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What to watch for in Falcons-Seahawks on 'MNF'

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  • By Nick Shook NFL.com
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Monday Night Football heads to the Pacific Northwest to finish Week 11 for an important NFC battle between the reigning conference champions and a contending team attempting to overcome adversity brought on by the injury bug. The Atlanta Falcons travel to Seattle to face the Seahawks in a game that could go a long way toward determining this year's postseason qualifiers.

Offensively, these two teams are nearly identical in total production, with Seattle owning a 0.4-yard advantage in average yards gained per game. How they get there, though, is different.

Known for its big-play capability last season through the air, Atlanta has become a tad more balanced, gaining 116.4 rushing yards per game. But the difference is only noticeable when compared with Seattle, which averages 100.7 yards per game but gets most of that from its quarterback.

Defensively, they're about as close, with Atlanta's group being better against the pass than Seattle. That could change in the weeks ahead, starting with Monday night, as the Seahawks are attempting to deal with two major losses in their secondary.

Excited yet? Of course you are. Here's what to watch for in Falcons-Seahawks on Monday Night Football.

1. A decimated Legion of Boom. The Seahawks lost Richard Sherman for the season to injury in Week 10, and news came down Saturday that safety Kam Chancellor is also expected to miss the remainder of the season. One loss is big but a team can attempt to remedy it -- Seattle did so by signing familiar face Byron Maxwell at corner -- but two is massive and perhaps season-altering. The 14th-ranked Seahawks pass defense just got much worse at one of the more inopportune times, facing a Falcons team that is 11th in passing but possesses the weapons to explode for plenty of air yardage. Perhaps we're walking into one of those nights Monday.

2. Atlanta's running game without Devonta Freeman. The Falcons are averaging 116.4 yards per game on the ground, but the majority of those yards have been gained by Freeman, who won't play on Monday night due to a concussion. Enter Tevin Coleman, who was effective last week in a win over the Dallas Cowboys, rushing for 83 yards and one touchdown on 20 carries. Coleman is also effective out of the backfield, making his threat all the more prominent for Seattle's defensive game plan. Losing a player like Freeman never makes a team better, but luckily for Atlanta, they have a pretty good guy behind him on the depth chart.

3. Falcons' pass rush vs. Seahawks' line. We're just a week removed from Falcons defensive end Adrian Clayborn setting the franchise's single-game record for sacks with six in a dominant performance against Dallas. Seattle's offensive line has struggled for quite some time now (though they've found a better option at left tackle in recently acquired Duane Brown), making this a night for last season's sack leader, Vic Beasley, to get on track. He'll have to chase one of the league's most mobile quarterbacks in Russell Wilson, who, considering how punchless the Seahawks' rushing attack has been, has thrown Seattle into contention. Simply put, without Wilson, the Seahawks aren't sitting with the sixth seed after nine games. A large part of this game will come down to how well Atlanta pressures Wilson, and if the Falcons can bottle up the slippery quarterback.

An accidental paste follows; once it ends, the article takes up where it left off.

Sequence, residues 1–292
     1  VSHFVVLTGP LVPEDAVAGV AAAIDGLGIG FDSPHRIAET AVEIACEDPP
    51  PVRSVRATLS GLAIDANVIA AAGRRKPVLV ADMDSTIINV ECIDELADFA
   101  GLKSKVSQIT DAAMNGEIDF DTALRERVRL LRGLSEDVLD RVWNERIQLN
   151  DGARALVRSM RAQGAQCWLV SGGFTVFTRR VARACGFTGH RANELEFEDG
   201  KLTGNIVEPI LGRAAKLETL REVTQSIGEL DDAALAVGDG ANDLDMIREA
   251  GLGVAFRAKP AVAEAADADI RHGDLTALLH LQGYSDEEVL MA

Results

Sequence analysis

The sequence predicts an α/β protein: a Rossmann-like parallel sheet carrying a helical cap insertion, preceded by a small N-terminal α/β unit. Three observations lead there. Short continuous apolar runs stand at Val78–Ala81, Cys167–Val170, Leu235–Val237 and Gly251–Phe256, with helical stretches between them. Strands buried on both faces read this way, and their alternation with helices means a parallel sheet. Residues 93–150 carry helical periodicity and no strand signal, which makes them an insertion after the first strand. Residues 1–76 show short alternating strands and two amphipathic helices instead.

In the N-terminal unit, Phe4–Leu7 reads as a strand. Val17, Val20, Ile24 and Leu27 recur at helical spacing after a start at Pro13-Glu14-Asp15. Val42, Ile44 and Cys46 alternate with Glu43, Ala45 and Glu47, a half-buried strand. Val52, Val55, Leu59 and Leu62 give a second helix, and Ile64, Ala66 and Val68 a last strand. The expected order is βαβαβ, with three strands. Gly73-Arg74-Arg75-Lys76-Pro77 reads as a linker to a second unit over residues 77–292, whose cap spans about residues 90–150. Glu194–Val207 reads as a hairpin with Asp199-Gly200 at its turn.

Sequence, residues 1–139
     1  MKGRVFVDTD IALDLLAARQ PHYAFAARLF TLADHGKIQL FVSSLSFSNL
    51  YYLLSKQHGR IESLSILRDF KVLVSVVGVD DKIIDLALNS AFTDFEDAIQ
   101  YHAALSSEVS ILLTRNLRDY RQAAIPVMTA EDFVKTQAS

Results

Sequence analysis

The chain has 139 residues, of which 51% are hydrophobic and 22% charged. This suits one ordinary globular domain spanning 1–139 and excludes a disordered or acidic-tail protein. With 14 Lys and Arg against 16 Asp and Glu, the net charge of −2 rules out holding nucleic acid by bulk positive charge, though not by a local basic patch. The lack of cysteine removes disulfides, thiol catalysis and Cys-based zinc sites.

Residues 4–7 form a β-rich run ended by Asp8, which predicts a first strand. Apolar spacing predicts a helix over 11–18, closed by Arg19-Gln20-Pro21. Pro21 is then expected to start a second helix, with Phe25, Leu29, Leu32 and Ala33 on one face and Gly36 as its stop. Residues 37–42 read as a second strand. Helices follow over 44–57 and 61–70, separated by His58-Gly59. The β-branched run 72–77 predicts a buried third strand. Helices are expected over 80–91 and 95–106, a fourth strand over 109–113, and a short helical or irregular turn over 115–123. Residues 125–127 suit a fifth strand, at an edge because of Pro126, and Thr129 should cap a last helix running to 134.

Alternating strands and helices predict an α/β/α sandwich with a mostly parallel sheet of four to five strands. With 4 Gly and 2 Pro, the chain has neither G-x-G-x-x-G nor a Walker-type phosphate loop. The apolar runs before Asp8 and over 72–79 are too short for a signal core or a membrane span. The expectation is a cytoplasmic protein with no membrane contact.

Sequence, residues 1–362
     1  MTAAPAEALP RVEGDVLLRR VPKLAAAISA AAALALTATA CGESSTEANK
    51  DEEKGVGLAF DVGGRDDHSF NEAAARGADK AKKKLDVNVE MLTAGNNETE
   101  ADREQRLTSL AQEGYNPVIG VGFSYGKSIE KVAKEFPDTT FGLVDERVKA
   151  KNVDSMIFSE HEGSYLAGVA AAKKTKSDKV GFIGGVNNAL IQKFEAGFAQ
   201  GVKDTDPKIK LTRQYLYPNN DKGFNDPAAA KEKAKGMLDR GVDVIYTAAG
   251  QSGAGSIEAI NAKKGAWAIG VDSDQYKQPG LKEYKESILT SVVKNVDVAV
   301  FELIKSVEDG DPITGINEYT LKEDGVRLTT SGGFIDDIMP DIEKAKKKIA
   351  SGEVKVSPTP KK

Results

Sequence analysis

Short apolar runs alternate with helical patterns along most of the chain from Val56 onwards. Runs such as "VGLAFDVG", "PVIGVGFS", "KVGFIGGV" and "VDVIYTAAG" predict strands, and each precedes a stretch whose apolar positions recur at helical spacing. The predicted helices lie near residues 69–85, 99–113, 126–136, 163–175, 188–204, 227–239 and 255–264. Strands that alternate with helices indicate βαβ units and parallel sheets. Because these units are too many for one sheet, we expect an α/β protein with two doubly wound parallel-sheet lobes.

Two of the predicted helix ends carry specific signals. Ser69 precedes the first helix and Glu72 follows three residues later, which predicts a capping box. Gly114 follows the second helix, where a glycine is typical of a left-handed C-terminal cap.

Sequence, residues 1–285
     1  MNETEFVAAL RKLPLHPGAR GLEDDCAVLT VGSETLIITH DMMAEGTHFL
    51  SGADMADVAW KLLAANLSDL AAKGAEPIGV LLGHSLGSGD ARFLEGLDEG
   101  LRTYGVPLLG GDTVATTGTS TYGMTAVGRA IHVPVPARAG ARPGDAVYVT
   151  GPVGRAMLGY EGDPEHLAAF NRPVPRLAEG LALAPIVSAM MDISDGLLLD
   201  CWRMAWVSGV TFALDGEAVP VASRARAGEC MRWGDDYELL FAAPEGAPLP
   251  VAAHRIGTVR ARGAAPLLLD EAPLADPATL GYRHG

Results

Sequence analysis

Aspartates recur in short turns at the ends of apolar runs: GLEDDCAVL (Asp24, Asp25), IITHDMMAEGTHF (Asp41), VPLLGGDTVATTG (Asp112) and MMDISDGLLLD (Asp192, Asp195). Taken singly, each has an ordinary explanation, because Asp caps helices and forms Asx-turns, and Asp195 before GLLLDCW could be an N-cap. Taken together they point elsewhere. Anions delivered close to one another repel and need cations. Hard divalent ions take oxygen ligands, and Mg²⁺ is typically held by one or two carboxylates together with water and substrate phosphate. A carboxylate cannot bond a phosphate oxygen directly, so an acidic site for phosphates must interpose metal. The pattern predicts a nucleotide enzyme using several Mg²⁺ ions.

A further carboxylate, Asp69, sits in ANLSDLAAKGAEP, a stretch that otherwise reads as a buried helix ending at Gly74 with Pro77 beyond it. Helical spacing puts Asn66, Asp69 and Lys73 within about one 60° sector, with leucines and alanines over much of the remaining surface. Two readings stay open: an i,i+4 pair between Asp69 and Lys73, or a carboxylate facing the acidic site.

4. Wild card positioning. Seattle and Atlanta have each won two of their last three, and are trailing their respective division leaders. But for these two teams, this game has vastly different implications. Should the Falcons fall, they'll slide back to .500 and on par with the Packers and Cowboys, two teams considered to be on the precipice of fading into the abyss. Unlike the logjammed AFC, the NFC boasts five teams with seven or more wins. The Seahawks own the sixth seed at 6-3 with Monday night's game yet to be played. Falling two games behind the wild card owners with six to play is incredibly dangerous. Simply put, Atlanta needs this game.

As for Seattle, a loss wouldn't doom the Seahawks, but would put them in a tie for the wild card with Detroit and Atlanta, with the latter owning the head-to-head tiebreaker. A win would go a long way toward easing the concerns surrounding the Seahawks after losing two crucial defenders. We're nearing the pivotal point of the season, folks.

5. Last season, we saw one of the year's more thrilling contests between these two teams in Seattle. A 21-point barrage from the Falcons put them ahead 24-17 in the third, but a touchdown and a field goal scored by two Seahawks who are no longer in Seattle were the difference. That game also included a Seahawks offense that was slightly better at running the football, and a Falcons offense that was head and shoulders above this season's unit. Earl Thomas made a pivotal interception off the hands of Sherman, who won't play on Monday night. The two were also in coverage of Julio Jones on the deciding fourth-down play that very easily could have been flagged for pass interference.

And then, three months later, the Falcons blasted the Seahawks 36-20 in the NFC Divisional Round.

There's some unfinished business for each side in this matchup, and with the aforementioned playoff positioning on the line, this contest should be among the more spirited ones this season. It's all setting up for quite the show.

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